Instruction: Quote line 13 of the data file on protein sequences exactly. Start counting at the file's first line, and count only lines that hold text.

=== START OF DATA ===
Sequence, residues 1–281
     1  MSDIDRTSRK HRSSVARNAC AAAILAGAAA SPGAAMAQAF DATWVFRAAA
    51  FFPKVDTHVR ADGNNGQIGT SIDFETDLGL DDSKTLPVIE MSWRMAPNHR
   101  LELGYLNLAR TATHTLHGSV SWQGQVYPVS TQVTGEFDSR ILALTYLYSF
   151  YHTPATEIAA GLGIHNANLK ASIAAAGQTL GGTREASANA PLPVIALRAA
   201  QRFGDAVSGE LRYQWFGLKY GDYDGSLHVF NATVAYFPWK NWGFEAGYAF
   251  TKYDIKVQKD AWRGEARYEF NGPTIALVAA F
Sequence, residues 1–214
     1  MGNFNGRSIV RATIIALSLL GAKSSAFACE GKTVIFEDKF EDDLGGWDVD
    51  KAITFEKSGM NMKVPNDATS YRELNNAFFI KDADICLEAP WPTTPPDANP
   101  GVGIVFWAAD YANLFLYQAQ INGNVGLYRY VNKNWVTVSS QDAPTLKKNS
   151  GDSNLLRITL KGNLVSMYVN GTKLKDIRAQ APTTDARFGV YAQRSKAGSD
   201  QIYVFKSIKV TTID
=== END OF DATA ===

   201  QIYVFKSIKV TTID